Thermodynamic Panels & a heat store or heat recovery system

Looking at one of the Thermodynamic Panel system PDFs:

One set up has a thermal store (a tank that heats up, and your heating is delivered by coils that go into this store, heat up and take that hot water to where you want it), and a second, linked to a pool seems to have a form of heat recover system, in that the colder water from the pool is going back in the loop for re-heating via the Thermodynamic panels and the thermal store tank.

 

For the thermal store the Akvaterm thermal store water tanks looked good at the 2012 Eco Expo in London.

  •  The Akvaterm Akvantti thermal stores are oblong which could be a better shape for the plant room. It’s available as 1400lt, 2000lt or 2400lt volumes. The 1,400 litre unit is £3,757.00 + £85 carriage.

Akvantti-Accumulator-Heat-Store-Tanks-4

 

A chunk more information on the concept and benefits of a thermal store (and their version of one) at http://www.greenspec.co.uk/thermal-storage.php:

Thermal storage – pros & cons

+ Provides effective buffering
+ Reduces boiler cycling
+ Allows for integration with low temp heating systems eg underfloor
+ Adds mains pressure to hot showers
+ Provides potable hot water
+ The use of a heat exchanger means that in most cases, thermal stores can be integrated with existing pressurised boiler circuits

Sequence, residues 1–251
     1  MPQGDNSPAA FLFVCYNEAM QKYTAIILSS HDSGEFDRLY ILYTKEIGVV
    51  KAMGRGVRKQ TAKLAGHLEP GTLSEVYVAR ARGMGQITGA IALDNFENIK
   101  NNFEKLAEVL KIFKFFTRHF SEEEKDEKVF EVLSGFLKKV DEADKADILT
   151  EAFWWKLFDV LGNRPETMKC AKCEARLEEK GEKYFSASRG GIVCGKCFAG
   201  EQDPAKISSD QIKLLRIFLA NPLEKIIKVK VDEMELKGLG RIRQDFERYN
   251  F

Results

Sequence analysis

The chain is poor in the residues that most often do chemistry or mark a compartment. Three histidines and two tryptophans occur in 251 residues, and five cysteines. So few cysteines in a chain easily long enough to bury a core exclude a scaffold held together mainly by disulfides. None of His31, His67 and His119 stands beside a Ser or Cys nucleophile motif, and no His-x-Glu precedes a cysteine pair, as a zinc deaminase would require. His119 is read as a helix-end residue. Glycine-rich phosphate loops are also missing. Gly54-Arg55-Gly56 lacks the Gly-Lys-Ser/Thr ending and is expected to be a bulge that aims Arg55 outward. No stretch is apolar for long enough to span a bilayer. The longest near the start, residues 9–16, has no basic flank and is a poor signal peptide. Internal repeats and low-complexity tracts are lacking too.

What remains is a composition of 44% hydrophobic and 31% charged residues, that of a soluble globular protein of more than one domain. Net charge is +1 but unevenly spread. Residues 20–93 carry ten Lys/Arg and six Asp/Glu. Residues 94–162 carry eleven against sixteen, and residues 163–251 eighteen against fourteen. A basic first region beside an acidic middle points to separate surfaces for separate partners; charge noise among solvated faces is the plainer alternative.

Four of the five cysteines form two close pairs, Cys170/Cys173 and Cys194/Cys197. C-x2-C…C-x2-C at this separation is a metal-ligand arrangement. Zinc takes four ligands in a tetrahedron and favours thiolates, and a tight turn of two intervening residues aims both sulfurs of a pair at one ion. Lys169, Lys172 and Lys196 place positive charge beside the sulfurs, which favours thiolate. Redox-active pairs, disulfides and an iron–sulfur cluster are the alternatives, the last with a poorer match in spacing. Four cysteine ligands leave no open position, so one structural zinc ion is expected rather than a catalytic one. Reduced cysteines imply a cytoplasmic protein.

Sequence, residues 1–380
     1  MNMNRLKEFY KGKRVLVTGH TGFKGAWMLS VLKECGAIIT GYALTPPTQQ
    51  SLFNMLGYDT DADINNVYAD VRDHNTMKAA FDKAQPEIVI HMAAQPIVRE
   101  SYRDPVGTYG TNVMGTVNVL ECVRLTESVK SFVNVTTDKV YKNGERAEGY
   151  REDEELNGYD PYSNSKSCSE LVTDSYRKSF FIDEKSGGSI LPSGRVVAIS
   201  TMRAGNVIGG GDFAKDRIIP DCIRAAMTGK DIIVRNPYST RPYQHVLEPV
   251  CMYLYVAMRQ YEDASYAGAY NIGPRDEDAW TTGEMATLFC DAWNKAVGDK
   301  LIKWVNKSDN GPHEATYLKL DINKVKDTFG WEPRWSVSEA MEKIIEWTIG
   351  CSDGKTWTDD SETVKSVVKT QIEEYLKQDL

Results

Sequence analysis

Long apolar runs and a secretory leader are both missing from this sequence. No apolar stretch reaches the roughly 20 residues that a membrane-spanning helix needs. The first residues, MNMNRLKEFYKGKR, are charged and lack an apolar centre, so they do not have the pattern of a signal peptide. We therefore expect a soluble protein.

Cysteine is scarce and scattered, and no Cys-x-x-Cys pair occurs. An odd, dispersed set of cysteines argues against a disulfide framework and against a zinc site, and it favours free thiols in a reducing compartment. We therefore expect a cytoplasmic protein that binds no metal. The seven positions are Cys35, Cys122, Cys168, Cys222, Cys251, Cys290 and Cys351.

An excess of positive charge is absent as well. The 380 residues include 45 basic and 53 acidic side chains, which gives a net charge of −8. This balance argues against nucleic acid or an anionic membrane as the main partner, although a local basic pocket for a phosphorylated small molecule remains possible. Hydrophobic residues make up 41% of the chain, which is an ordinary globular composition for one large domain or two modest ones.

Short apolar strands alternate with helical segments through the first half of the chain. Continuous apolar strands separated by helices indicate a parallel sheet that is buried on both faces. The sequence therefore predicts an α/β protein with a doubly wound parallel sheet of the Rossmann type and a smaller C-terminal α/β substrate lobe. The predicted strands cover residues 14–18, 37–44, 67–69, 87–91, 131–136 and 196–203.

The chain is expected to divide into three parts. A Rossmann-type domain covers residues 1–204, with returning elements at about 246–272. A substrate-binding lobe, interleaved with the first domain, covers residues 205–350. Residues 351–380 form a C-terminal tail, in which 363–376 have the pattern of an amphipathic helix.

+ Requires much smaller cold water tank then standard vented systems
+ Thermal storage is recognised by NHER software
– Heat can be lost through inefficient heat exchangers
– Storage temperature will usually have to be 10 deg C higher than required DHW temperature
– Cannot be used with existing DHW power showers and pumps
– Expensive and unvented storage, very expensive
– Vented stores require a header tank to be located above the heating systems

Points to consider when specifying a Thermal Store

  • The design of the heating system should be matched to the calculated peak heat load.
  • When including solar heating, ensure that there is extra capacity within the store to accommodate fluctuations.
  • Where a biomass boiler is being used, consider sizing the store to provide for the heat capacity generated in a load / firing
  • Consider designing not only for short-term anticipated capacity but possible future extensions to the system.
  • Consider stratification of water temperatures within the store, particularly where low-grade heating is provided. Effective separation between the hot water at the top of the tank and the cooler water at the bottom, can increase the time between charges.
  • Ensure that there is adequate insulation to the store (100mm + PU foam)
  • Ensure that there is adequate pipework insulation